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Prepared by Jenny Gesley
Foreign Law Specialist
May 2015


[1] Grundgesetz für die Bundesrepublik Deutschland [Grundgesetz] [GG] [Basic Law] art. 87d, May 23, 1949, Bundesgesetzblatt [BGBl] I at 25, http://www.gesetze-im-internet.de/bundesrecht/gg/gesamt.pdf (all translations by author).  An unofficial English translation is available at http://www.gesetze-im-internet.de/englisch_ gg/basic_law_for_the_federal_republic_of_germany.pdf but does not include sentence 3 of article 87d, paragraph 1. 

[2] Gesetz zur Einfügung eines Artikels über die Luftverkehrsverwaltung in das Grundgesetz (11. Änderung des Grundgesetzes) [Act to Insert an Article on Air Traffic Administration into the Basic Law (11th Amendment to the Basic Law)], Feb. 6, 1961, BGBl I at 65.

[3] Gesetz zur Änderung des Grundgesetzes [Act to Amend the Basic Law], July 14, 1992, BGBl I at 1254.

[4] Gesetz zur Änderung des Grundgesetzes (Artikel 87d) [Act to Amend the Basic Law (Article 87d)], July 29, 2009, BGBl I at 2247.

[5] Christian J. Tams, Art. 87 d I GG und die Neuordnung der Flugsicherung [Art. 87 d, Para. 1 Basic Law and the Reorganization of Air Traffic Control Services], 2006 Neue Zeitschrift für Verwaltungsrecht 1226, 1227.

[6] Id.

[7] Id.

[8] Id.

[9] Sachs Grundgesetz Kommentar [Sachs Commentary on the Basic Law] commentary on art. 86, margin no. 13 (Michael Sachs ed., 7th ed. 2014).

[10] Id. commentary on art. 86, margin no. 48; Bonner Kommentar zum Grundgesetz [Bonn Commentary on the Basic Law] commentary on art. 87d, margin nos. 21–25 (Rudolf Dolzer et al. eds., 154th update Oct. 2011).

[11] Sachs Grundgesetz Kommentar, supra note 9, commentary on art. 87d, margin nos. 9–11; Grundgesetz Kommentar [Basic Law Commentary] commentary on art. 87d, margin nos. 5, 6 (Volker Epping & Christian Hillgruber eds., 2009); Grundgesetz Kommentar Band 2: Art. 70 bis 146 [Basic Law Commentary Part 2: Art. 70 to 146] commentary on art. 87d, margin no. 9 (Ingo von Münch & Philip Kunig eds., 6th ed. 2009).

[12] Basic Law art. 86, para. 1, beginning of sentence 1; Sachs Grundgesetz Kommentar, supra note 9, commentary on art. 86, margin nos. 14, 15.

[13] Sachs Grundgesetz Kommentar, supra note 9, commentary on art. 87d, margin no. 12.

[14] Occupation Statute Promulgated on the 12th May 1949 by the Military Governors and Commanders in Chief of the Western Zones, May 12, 1949, Official Gazette of the Allied High Commission for Germany, Sept. 23, 1949, no. 1 at 13, available at http://www.cvce.eu/content/publication/2003/10/21/6750efd3-4b34-4fec-9a4a-df0ff125d302/publishable_en.pdf.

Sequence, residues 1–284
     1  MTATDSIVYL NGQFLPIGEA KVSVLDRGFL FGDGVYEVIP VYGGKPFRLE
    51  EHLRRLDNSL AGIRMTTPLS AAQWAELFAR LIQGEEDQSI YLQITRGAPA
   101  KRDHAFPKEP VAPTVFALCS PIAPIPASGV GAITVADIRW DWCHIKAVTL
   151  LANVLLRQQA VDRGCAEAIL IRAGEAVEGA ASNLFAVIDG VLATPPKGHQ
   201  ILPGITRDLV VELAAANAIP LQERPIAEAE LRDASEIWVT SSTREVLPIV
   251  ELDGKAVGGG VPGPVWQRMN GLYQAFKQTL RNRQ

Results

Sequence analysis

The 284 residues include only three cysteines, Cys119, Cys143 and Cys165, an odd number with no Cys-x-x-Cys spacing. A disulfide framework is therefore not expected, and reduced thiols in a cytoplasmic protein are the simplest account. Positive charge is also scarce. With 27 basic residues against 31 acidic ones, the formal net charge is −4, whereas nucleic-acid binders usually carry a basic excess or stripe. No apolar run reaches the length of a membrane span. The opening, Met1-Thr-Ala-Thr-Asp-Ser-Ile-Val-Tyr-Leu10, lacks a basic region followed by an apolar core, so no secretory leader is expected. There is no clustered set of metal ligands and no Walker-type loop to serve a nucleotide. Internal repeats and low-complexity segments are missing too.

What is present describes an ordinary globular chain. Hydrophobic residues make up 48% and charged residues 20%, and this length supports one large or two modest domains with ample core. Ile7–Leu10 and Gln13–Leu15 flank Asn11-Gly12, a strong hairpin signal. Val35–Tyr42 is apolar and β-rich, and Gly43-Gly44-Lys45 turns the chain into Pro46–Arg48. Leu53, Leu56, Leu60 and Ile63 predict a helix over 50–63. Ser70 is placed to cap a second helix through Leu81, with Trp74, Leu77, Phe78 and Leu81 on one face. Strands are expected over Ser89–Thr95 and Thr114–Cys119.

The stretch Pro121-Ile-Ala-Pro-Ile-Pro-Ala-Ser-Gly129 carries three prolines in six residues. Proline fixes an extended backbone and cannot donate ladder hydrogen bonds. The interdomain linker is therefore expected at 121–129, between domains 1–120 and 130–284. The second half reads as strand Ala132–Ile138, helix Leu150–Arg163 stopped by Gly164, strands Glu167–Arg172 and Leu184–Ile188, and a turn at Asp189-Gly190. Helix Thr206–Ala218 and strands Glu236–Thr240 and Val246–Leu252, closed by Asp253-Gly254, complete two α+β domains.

[15] Bonner Kommentar zum Grundgesetz, supra note 10, commentary on art. 87d, margin no. 2.

[16] Gesetz zur Einfügung eines Artikels über die Luftverkehrsverwaltung in das Grundgesetz, Feb. 6, 1961, BGBl. I at 65.

[17] Entwurf eines zehnten Gesetzes zur Änderung des Luftverkehrsgesetzes [Draft Tenth Act to Amend the Air Traffic Act] Deutscher Bundestag: Drucksachen und Protokolle [BT Drs.] 11/6261, at 10.

[18] Id.

[19] Unterrichtung durch den Bundespräsidenten [Letter from the Federal President] BT Drs. 12/67, at 1.

[20] Id. at 2.

[21] Bonner Kommentar zum Grundgesetz, supra note 10, commentary on art. 87d, margin no. 3.

[22] Id. commentary on art. 87d, margin no. 22; Sachs Grundgesetz Kommentar, supra note 9, commentary on art. 87d, margin no. 3; GG Kommentar Band 3 Art. 83–146 [GG Commentary Part 3 Art. 83–146] commentary on art. 87d, margin no. 2 (Hermann v. Mangoldt, Friedrich Klein & Christian Starck, eds., 6th ed. 2010).

[23] Entwurf eines Gesetzes zur Neuregelung der Flugsicherung [Draft Act to to Reorganize Air Traffic Control] BT Drs. 16/240.

[24] Unterrichtung durch den Bundespräsidenten – Gesetz zur Neuregelung der Flugsicherung [Message from the Federal President – Act to Reorganize Air Traffic Control] BT Drs. 16/2362.

[25] Id. at 1.

[26] Id. at 2.

[27] Id.

[28] Regulation 549/2004 of the European Parliament and of the Council of 10 March 2004 Laying Down the Framework for the Creation of the Single European Sky (the Framework Regulation), 2004 O.J. (L 96) 1; Regulation 550/2004 of the European Parliament and of the Council of 10 March 2004 on the Provision of Air Navigation Services in the Single European Sky (the Service Provision Regulation), 2004 O.J. (L 96) 10; Regulation 551/2004 of the European Parliament and of the Council of 10 March 2004 on the Organisation and Use of the Airspace in the Single European Sky (the Airspace Regulation), 2004 O.J. (L 96) 20; Regulation 552/2004 of the European Parliament and of the Council of 10 March 2004 on the Interoperability of the European Air Traffic Management Network (the Interoperability Regulation), 2004 O.J. (L 96) 26.

[29] Regulation 1070/2009 of the European Parliament and of the Council of 21 October 2009 Amending Regulations (EC) No 549/2004, (EC) No 550/2004, (EC) No 551/2004 and (EC) No 552/2004 in order to Improve the Performance and Sustainability of the European Aviation System, 2009 O.J. (L 300) 34.

[30] Regulation (EC) 549/2004, arts. 2, para. 25 & 11, para. 1(b).

[31] Sachs Grundgesetz Kommentar, supra note 9, commentary on art. 87d, margin no. 23; Grundgesetz Kommentar, supra note 11, commentary on art. 87d, margin no. 7.

[32] Bonner Kommentar zum Grundgesetz, supra note 10, commentary on art. 87d, margin nos. 38–45; Grundgesetz Kommentar, supra note 11, commentary on art. 87d, margin no. 17.

[33] Luftverkehrsgesetz [Air Traffic Act], Aug. 1, 1922, Reichsgesetzblatt I at 681, as amended, art. 31b, http://www.gesetze-im-internet.de/bundesrecht/luftvg/gesamt.pdf.

[34] Luftsicherheitsgesetz [Aviation Security Act], Jan. 11, 2005, BGBl I at 78, as amended, http://www.gesetze-im-internet.de/bundesrecht/luftsig/gesamt.pdf.

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Last Updated: 06/30/2015